Residents are liable to tax on their worldwide income; non-residents are taxed only on Netherlands-source income. For certain foreign-source dividends, exemptions
may apply. Local branches and subsidiaries are treated the same in determining
corporate income tax. However, branches are usually exempt from withholding tax on
profit remittances to foreign head offices.
Whether or not a company is deemed resident for tax purposes has important fiscal consequences. A company is resident in Holland if either:
• Incorporation: The company was incorporated in Holland.
• Central Management & Control: The company was not incorporated in Holland but central management and control is effected from the Netherlands.
A company which is incorporated in Holland is always tax resident in Holland irrespective of whether or not it migrates to a foreign jurisdiction. A company incorporated in a foreign jurisdiction which migrated to Holland but which subsequently re-domiciles to a foreign country can lose its Dutch tax residential status so long as central management and control is no longer exercised from Holland.
Non-resident companies are only assessed on certain sources of income arising in Holland.
Tax year and filing/reporting requirements
The fiscal year in The Netherlands is the calendar year. All tax returns must be filed before the 1st of April of the next calendar year, after incorporation. Payment must be made after determination of the assessment.
Taxable Income and rates
Dutch corporate income tax is due on all profits derived from conducting the business, including trading income, foreign-source income, passive income and capital gains. In principle, all costs relating to the business are deductible
The Netherlands has a 3-tier system with progressive tax rates. From 1 January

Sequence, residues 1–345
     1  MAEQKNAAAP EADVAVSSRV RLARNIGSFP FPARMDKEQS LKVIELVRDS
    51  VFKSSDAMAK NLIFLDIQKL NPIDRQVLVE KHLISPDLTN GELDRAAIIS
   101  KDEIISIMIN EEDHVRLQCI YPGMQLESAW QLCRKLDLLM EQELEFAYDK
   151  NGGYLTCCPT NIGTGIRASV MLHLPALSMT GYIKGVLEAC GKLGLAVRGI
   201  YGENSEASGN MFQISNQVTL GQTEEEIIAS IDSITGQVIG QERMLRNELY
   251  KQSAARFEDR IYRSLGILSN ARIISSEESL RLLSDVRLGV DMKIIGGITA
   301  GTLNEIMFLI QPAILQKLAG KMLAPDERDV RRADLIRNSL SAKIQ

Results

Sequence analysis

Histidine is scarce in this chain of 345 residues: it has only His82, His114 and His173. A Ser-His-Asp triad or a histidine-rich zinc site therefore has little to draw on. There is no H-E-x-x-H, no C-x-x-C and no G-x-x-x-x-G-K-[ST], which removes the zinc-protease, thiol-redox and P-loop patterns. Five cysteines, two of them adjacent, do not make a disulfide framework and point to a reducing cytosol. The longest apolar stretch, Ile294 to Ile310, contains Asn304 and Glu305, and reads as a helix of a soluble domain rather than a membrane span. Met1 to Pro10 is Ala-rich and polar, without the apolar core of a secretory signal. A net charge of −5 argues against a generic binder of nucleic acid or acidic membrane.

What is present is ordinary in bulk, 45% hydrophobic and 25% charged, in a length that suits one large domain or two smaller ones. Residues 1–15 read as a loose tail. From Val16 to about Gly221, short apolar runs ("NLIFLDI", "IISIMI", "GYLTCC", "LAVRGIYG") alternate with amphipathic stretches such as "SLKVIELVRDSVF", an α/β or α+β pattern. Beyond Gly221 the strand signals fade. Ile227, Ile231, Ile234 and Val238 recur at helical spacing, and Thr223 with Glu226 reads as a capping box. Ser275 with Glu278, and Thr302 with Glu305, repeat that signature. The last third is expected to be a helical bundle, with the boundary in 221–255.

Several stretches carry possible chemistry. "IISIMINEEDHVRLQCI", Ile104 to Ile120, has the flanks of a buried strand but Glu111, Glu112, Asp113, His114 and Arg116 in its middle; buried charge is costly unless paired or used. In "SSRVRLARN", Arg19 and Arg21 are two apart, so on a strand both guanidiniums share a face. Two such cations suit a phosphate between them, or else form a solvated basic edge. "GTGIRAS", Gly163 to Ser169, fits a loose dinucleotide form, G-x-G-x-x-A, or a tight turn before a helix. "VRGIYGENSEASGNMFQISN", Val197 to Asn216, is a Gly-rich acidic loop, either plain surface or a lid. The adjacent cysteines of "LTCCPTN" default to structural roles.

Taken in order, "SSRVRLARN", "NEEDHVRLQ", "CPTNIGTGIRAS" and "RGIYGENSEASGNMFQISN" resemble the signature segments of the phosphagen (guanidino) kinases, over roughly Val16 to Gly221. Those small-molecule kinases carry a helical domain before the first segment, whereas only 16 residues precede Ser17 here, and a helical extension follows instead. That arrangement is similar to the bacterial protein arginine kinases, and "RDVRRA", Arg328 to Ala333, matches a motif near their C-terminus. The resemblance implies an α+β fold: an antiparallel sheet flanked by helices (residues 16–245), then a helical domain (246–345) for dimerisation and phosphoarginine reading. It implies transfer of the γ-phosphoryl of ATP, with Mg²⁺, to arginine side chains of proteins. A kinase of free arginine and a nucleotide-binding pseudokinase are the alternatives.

2008, the applicable tax rates and brackets are: EUR 0 to EUR 40,000 – 20%; EUR
40,000 to EUR 200,000 – 23.5%; and income exceeding EUR 200,000 – 25.5%.
Dividends received by a Dutch resident company are exempt unless the subsidiary qualifies as a low-taxed portfolio company (i.e. the effective tax rate is less than 10% based on Dutch tax principles and more than 50% of the assets of the subsidiary consist of “passive” assets based
on the fair market value of the assets). In the latter case, a fixed credit for the underlying
tax can be obtained.
Capital gains realized from the sale of an active or a non-low-taxed participation of at least 5% are exempt. Other capital gains are taxed at an effective rate of approximately 25.5%. Gains arising on a merger may be exempt if certain requirements are met.
Losses may be carried back for 1 year and carried forward for 9 years.
Transitional provisions apply to losses incurred before 2003. Special restrictions
apply to losses incurred by a company that conducts mainly finance and holding
The participation exemption applies to dividends and capital gains derived from shareholdings of at least 5% provided the participation does not qualify as a low-taxed portfolio company. A fixed credit is available for low-taxed portfolio participations.
WHT & Tax treaties
If the participation exemption applies, dividends are exempt from dividend withholding tax. Dividend withholding tax at 15% is in principle due on other dividends paid to foreign shareholders, but the rate is frequently reduced by treaty.
Withholding taxes do not apply on the payment of interests or royalties.
The Netherlands has sign at least 89 tax treaties. The following tax treaties have been ratified in Dutch Law: